Baylor University researchers discovered that employers may experience more turnover among new moms who face work-related physical or mental stress. But if these mothers are given more control and flexibility over their schedules, they’re more liable to stay on the job.
“When confronted by one or more job demands, a flexible schedule provides working moms with alternatives for meeting those demands while caring for their newborns. When working moms are better able to control their work environment and adapt, work-related stress is less likely to become a family issue,” said Dawn S. Carlson, Ph.D., study author, professor of management and H. R. Gibson Chair of Organizational Development at the Hankamer School of Business at Baylor University.
According to 2008 data from the U.S. Bureau of Labor Statistics, 71 percent of women with children under the age of 18 were working or looking for work, and nearly 60 percent of women with young children were employed. Yet the transition back to work is pivotal for a new mother, and a large number of those who return to work after childbirth subsequently leave the labor force.
The researchers surveyed 179 full-time working mothers in North Carolina with an average age of 31 years. The majority, 79 percent, was married. They worked an average of 39.7 hours per week and planned on returning to work 30 or more hours by four months postpartum. The duration of maternity leave was 6 weeks, but only 48.1 percent reported having paid maternity leave. Among the new mothers, 40 percent reported that the recent birth was their first child.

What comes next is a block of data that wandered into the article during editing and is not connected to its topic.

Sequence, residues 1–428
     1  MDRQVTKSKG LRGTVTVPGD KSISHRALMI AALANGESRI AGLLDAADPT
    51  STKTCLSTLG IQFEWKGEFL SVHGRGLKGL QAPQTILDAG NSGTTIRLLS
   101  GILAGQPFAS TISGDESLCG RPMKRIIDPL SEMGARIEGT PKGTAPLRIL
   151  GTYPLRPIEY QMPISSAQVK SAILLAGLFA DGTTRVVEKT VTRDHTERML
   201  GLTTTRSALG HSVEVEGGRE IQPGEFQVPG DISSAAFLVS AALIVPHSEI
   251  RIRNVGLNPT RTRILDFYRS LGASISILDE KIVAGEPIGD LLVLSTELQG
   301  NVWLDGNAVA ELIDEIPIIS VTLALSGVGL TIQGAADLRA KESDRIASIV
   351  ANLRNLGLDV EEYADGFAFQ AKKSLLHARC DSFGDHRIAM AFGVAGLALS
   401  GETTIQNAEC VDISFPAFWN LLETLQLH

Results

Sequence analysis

Results suggest that employers may be able to promote beneficial outcomes through systematic attempts to increase the use of a working mom’s skills by cross-training her for multiple functions. Mental and physical health play an important role in retaining working mothers and deserve attention, such as through employee assistance programs, support systems or more integrative work-life initiatives, Carlson said.
Job security also plays an important role in decision-making. When job security is high, working mothers are not distracted by worry or exhausted by strain. Instead, they are able to engage more fully in responsibilities inside and outside the workplace.
The study was published online in the Journal of Applied Psychology.